Creating a sense of place (which is the home)

    Home space in the realization of lifestyle

    Understanding the impact of space on the comfort of home people

    Observing the backyard and crowd space and identifying them in the home spatial organization

    Spatial diversity and refreshment

    Emotional space experiences (detecting the relationship between resident and home space and understanding the interaction and tangible effect)

    Factors of dissatisfaction with space

    The relationship of home with nature and neighbors

    Home spatial organization and environmental factors

    Space proportion to the needs of the inhabitants according to the number of inhabitants, the age of the inhabitants, etc.

    The results of the citizens' responses to the questions highlight the research points as follows:

  • Half of the respondents said that the house is much different from the outside than it is from the inside and this difference is more in comparison with the neighboring buildings according to their heights, materials, colors, scuttle and some special marks. Half of the answers indicated no particular distinction.

  • Usually, the set of factors that individually or collectively exist in the entrance path are yard (in the contemporary concept), pilot parking, wall, steps, and hall. In addition, in studying the answers we figured that in most contemporary houses, most houses entrance areas are dedicated to the entrance activities such as taking out clothes or shoes. The spatial system does not propose something special for moving toward the inside of the house and there is no sense of leaving a public territory and entering a private one.

  • It can be figured from the results of the research that those who enter the house are more affected by the inner and private feelings because of the opposition and distinction between the congestion of the town and the privacy of the inside of the house and the first feeling they experience as they walk in the house with comfort, which is due to being relieved from the huddle of outside. None of the answers were related to the impact of the inside area on the moment of entry and in two cases points out "lack of a considerable space" and "presenting the whole space on the moment of entrance". In addition, of course, we figured that because of the intensity of the outside pollution, the distinction was felt in the moment of entry and we cannot say that it is because of the houses inside space.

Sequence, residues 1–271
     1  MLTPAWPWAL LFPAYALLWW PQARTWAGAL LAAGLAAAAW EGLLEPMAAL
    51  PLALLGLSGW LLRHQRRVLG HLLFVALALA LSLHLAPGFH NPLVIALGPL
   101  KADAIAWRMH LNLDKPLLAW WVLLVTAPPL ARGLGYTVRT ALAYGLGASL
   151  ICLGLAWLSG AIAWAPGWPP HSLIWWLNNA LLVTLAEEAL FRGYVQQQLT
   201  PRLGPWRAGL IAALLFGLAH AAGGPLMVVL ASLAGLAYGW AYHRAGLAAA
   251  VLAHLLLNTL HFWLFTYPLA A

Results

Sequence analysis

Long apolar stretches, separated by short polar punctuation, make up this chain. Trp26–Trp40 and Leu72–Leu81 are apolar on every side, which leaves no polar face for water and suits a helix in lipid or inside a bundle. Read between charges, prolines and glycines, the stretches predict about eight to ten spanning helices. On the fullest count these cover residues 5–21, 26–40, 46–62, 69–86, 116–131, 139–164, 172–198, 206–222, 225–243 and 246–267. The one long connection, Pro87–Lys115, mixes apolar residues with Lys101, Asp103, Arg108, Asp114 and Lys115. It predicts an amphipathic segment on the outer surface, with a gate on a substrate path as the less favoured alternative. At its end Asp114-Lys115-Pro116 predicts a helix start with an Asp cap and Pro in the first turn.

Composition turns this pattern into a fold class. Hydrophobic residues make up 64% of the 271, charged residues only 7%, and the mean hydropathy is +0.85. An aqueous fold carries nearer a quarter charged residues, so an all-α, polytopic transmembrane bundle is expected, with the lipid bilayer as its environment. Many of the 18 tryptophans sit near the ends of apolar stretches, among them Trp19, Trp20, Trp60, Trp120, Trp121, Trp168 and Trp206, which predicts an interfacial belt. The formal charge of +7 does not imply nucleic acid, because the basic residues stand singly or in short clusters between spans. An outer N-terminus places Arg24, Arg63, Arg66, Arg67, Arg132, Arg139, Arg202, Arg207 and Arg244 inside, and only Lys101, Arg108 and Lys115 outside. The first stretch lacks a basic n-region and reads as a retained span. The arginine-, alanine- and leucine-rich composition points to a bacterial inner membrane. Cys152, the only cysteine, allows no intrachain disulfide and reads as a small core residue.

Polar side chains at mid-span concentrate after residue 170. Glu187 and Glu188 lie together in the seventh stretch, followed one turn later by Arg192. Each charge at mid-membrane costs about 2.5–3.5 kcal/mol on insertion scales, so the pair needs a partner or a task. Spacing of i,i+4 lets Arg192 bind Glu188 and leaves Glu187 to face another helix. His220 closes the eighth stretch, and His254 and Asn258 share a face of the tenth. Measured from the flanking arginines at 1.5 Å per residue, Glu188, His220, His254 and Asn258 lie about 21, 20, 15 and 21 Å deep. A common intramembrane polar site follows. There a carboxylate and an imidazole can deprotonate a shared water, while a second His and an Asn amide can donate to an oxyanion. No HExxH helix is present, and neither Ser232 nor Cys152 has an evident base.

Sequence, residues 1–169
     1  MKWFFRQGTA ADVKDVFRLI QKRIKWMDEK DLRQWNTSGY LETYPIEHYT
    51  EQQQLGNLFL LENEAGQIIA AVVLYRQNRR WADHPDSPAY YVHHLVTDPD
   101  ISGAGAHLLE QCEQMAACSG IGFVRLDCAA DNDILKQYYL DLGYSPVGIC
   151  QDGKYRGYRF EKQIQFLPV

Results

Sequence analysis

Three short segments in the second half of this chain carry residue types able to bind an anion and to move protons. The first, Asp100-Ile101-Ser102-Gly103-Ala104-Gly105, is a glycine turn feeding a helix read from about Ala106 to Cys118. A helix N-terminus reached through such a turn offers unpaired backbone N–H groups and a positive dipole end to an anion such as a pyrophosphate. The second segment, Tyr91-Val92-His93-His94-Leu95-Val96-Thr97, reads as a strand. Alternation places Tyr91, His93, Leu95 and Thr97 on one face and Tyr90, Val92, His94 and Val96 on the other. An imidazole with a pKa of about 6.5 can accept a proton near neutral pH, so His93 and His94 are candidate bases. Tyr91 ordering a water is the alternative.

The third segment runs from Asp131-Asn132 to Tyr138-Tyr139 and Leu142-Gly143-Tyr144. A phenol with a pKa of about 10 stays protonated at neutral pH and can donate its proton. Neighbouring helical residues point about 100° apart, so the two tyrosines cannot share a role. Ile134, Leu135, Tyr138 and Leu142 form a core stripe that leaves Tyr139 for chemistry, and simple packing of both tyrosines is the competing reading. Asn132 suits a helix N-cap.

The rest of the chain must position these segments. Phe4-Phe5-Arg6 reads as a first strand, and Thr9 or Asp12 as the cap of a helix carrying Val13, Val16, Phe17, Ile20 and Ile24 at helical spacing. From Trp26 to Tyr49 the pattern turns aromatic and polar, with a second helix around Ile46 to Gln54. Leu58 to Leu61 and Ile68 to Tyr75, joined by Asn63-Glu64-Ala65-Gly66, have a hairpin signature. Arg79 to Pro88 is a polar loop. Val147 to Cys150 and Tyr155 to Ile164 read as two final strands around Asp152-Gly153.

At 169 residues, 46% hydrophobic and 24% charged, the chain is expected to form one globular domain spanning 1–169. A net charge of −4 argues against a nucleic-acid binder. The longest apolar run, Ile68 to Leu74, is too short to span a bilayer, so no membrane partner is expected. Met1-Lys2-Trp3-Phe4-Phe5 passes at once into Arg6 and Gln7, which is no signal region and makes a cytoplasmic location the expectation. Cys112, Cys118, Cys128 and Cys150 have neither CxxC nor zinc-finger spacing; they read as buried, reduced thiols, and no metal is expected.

• After the entrance, if the people come home exhausted, they do the following activities as was already mentioned in the answers: changing clothes, lying down, eating and drinking, watching television, listening to music, taking a bath, working in the kitchen and if there are any open spaces or garden they said that they sit by it. There is no significant impact on the role of the house spatial system in such activities unless there is an open space or a garden.

  • From the findings of this research, we can conclude that resting style depends on different habits of people. Some respondents could only rest in the bedroom and some others could rest in other areas and among family members. They were asked if they could have privacy if the bedroom door was closed and their answers were "to some extent, but the noise is not stopped". In few cases the comforting impact of spaces was pointed out, however we found out that things like television, radio, music player and books play a role in providing comfort.

  • The comfort of the houses was mostly related to the family affairs and the role of the spatial system was not mentioned, however they were unsatisfied with living in an apartment.

  • Also, we can conclude that if the family affairs are well, the spatial insufficiencies are not felt. 84 percent of respondents complained about the disorganization of the spatial system of the house and said: "if it was a duplex" or "there was a scenic view" or even if there was an "under the stairs" space in the house, some of the house residents needs were fulfilled. One of the responses is presented here: "to some extent, yes, because they are defined and determined well and somehow because of that in my opinion, the private spaces should have the complete set of supplies for a person's life and also have an appropriate decoration and have some green spaces as well."

  • In comparison with private spaces, space satisfaction is much lower than in public rooms, because the most of the usable spaces of public spaces are wasted and to quote from of the respondents, they have neither a view nor a scene, neither a spatial complexity nor a richness or ambiguity. In some responses, the issue of fitness or the inability to clean the place was mentioned instead of the spatial satisfaction factor and it was complained about that when guests came there, the large spaces looked small.

  • From the findings of this research, it can be figured that the spatial variation in new houses is low and their residents were vulnerable to it and they complained from the unity of the inside spaces of the house. These responses were few. What is meant by variety is the little distinctions in lighting, coloring and having one or two steps in the surface-level variety?

  • Having a personal and suitable space and having a sense of belonging in the spatial system of the inside areas of the house can create a play an important role in elevating the favorability levels of the houses.

  • A large percent of the responses to the comfort inside the house attended to the general lifestyle and did not show any vulnerability to the spaces. Most of the houses that were studied by presence and spatial experience lacked the provision of comfort.